In his capital plan, Hogan has proposed $280 million for school construction, a $5 million increase from the current year. He has proposed $30 million in current money, as opposed to borrowed funds, for school construction.
Whether Montgomery County actually will see an increase in school construction money from the state for fiscal 2016 was unclear.
Also unknown is exactly how much money Hogan has figured for the 16-mile Purple Line and whether the project still has a future.
Brinkley said money is in the budget for the light-rail line, but quickly added that both the Purple Line and the $2.9 billion Red Line proposed in Baltimore are under “review and re-evaluation.”
When asked if the review is concerning, King said, “Well, yeah. Obviously, he hasn’t made up his mind if he is going to fund it or not.”
While he campaigned for governor, Hogan made clear his concerns with the project’s price tag and emphasized his preference for road projects.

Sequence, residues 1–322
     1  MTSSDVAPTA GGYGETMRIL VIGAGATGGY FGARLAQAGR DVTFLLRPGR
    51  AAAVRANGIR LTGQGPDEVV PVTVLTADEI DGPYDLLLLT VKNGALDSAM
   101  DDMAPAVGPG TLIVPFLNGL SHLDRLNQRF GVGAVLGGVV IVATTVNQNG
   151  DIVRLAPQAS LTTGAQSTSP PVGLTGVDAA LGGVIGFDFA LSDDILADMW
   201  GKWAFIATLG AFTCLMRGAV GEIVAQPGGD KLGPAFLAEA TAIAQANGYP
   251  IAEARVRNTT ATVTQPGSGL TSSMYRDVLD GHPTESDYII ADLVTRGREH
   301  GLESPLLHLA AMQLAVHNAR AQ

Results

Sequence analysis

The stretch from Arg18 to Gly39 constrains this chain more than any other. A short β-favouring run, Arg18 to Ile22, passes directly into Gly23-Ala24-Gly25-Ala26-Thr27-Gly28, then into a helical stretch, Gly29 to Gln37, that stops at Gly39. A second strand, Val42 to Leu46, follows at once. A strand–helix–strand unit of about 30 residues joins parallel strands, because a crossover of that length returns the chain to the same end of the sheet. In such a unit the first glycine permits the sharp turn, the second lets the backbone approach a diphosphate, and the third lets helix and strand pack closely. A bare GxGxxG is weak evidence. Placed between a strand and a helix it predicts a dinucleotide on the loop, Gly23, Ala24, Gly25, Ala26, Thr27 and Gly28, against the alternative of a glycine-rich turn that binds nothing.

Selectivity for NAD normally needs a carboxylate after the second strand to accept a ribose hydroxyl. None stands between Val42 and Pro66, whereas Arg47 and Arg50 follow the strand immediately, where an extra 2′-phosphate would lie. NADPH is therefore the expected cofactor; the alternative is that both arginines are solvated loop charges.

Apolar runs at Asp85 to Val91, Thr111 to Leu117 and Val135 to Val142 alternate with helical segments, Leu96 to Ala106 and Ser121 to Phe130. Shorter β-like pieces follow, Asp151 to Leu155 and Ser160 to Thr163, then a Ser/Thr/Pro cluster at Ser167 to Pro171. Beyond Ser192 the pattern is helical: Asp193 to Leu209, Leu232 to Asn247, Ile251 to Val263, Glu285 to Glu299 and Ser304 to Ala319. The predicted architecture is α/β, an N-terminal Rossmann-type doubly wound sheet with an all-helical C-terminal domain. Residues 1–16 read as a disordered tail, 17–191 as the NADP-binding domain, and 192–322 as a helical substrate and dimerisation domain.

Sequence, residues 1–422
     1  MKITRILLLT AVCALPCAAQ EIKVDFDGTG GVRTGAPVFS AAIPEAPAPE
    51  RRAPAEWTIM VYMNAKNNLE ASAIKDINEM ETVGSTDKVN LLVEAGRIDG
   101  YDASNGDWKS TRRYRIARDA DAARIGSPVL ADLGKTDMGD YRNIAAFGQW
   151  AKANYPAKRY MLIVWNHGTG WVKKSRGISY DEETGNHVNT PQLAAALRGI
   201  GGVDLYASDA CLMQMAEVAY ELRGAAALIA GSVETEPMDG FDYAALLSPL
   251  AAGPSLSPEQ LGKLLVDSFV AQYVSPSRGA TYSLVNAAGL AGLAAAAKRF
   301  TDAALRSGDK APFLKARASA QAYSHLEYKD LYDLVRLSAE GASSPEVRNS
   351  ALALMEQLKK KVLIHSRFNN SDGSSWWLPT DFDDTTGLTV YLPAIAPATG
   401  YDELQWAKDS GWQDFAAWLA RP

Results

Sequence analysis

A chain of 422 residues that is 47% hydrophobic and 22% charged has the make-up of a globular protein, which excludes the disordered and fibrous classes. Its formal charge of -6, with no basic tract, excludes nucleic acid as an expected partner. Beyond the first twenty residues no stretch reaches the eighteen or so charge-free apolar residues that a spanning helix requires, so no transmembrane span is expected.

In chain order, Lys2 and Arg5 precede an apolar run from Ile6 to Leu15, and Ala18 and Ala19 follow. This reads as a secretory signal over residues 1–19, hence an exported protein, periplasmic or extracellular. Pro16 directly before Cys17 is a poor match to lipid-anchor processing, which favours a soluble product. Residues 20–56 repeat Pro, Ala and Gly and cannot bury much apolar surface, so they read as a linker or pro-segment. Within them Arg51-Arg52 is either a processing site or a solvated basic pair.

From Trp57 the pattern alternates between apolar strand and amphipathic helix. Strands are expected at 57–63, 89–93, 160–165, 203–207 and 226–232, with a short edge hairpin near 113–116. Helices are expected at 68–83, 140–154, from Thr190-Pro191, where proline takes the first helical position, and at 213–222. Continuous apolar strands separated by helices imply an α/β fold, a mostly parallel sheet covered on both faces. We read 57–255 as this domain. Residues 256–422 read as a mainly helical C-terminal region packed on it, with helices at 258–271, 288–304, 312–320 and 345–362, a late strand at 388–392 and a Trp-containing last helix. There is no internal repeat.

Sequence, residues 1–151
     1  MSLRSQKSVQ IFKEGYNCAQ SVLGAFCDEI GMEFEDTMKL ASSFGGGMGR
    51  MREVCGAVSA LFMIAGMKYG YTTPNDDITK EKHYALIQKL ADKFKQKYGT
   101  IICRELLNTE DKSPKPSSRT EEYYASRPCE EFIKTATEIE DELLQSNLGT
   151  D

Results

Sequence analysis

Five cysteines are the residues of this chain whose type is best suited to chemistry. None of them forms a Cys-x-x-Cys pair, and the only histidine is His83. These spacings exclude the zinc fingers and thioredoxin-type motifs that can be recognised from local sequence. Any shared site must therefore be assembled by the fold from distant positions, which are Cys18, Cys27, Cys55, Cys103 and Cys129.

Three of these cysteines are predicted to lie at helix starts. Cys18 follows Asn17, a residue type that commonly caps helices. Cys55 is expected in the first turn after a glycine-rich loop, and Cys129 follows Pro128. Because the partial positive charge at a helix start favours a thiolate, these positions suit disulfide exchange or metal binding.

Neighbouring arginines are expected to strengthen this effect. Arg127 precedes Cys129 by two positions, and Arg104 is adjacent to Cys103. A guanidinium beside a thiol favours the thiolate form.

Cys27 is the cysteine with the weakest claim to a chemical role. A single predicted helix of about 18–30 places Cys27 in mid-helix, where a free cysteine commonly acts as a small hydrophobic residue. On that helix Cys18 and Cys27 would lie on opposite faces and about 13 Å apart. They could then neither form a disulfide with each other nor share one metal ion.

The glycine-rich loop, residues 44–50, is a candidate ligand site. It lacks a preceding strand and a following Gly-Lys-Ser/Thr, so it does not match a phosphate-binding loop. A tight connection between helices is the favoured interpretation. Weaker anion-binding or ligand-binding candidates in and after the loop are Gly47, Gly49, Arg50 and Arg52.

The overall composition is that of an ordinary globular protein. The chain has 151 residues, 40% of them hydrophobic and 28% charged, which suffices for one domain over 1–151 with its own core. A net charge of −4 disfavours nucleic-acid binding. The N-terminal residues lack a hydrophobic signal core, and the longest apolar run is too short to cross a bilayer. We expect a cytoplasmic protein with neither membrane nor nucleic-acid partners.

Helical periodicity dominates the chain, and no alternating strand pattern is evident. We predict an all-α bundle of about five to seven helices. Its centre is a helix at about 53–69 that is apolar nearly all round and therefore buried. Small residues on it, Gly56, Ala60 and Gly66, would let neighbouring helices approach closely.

Still, transit advocates were quick to praise the announcement of the money.
Stewart Schwartz, executive director of the Coalition for Smarter Growth, applauded Hogan’s decision to keep the Purple and Red lines in his first budget.
“The Purple Line is a good deal for Maryland, good for jobs, good for the economy and good for commuters,” he said in a news release. “Walking away would waste taxpayer money, discourage future public-private partnerships, and forego [sic] a significant economic development opportunity.”
Lawmakers have until early April to either approve or reject Hogan’s budget. The General Assembly cannot add to the governor’s budget.
“It’s a matter where the cuts will be,” King said. “Hopefully, we can rearrange some of it anyway.”
While Hogan said he balanced the budget without eliminating state agencies or imposing layoffs, he told reporters he was talking only about spending on Thursday and to expect proposed tax cuts later this session.
Hogan has been openly critical of the tax increases he says former Gov. Martin O’Malley (D) imposed on state residents and businesses and promised during the election that he would work to “roll back” those increases.
Staff Writer Lindsay Powers contributed to this report.
Read the original article here.